In Lille, the spotlight was on some fine 17th and 18th century furniture, preceded by a pair of curious blue dogs.
Nevers, pair of earthenware dogs 1660-1680, height. 32 cm.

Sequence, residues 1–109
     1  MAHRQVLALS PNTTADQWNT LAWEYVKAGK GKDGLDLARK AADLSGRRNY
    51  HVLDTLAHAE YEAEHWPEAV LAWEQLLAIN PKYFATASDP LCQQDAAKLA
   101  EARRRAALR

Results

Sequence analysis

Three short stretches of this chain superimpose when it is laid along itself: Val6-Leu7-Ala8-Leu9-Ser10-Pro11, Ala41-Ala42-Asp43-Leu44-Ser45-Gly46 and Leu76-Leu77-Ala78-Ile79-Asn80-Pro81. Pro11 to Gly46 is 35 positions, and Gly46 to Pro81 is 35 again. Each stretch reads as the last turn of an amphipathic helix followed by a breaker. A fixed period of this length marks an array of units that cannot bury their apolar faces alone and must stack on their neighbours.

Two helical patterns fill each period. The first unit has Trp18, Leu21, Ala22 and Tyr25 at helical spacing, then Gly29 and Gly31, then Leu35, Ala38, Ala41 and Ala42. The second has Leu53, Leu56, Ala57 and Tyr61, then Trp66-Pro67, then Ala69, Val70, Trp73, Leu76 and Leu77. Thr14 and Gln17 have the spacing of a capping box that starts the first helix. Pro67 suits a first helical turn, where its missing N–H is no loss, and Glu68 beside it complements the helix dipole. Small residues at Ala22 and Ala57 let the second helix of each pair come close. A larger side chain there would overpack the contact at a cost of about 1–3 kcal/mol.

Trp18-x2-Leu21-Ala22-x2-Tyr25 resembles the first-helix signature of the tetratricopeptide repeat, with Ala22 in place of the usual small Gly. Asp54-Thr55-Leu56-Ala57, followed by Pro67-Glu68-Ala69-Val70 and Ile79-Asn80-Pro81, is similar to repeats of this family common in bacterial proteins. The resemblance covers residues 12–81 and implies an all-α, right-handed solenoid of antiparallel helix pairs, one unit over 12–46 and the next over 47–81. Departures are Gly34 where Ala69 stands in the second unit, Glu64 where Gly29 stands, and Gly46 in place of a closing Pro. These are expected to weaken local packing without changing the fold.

These dogs consisted of a rare pair in faience with a blue background and decoration painted in blanc fixe (height 32 cm,12.59 in). The canines were embellished using the "à la bougie" technique, which involved applying or projecting white enamel drops onto a plain blue enamel background to imitate splashes of candle-wax. According to Nevers faience specialist Jean Rosen (in "L'Age d'or du XVIIè siècle", published by Faton, 2009), "…statues executed using this technique are very rare" in Nevers pieces. To date, the only one recorded is a "Water Carrier" now in the city by the Loire's Musée Frédéric-Blandine. Bidders battled all the way up to €25,625 for this duo with their astonishing coats dating from 1660-1680. Meanwhile, the furniture section featured a sumptous Louis XIV "Mazarin" desk (86 x 113 x 68 cm, 33.8 x 44.4 x 26.7 in ), inlaid with pewter and tortoiseshell in copper fillet frames, with a leaf hiding three drawers and five drawers on the façade, standing on eight legs with stretchers. This piece went for €24,375.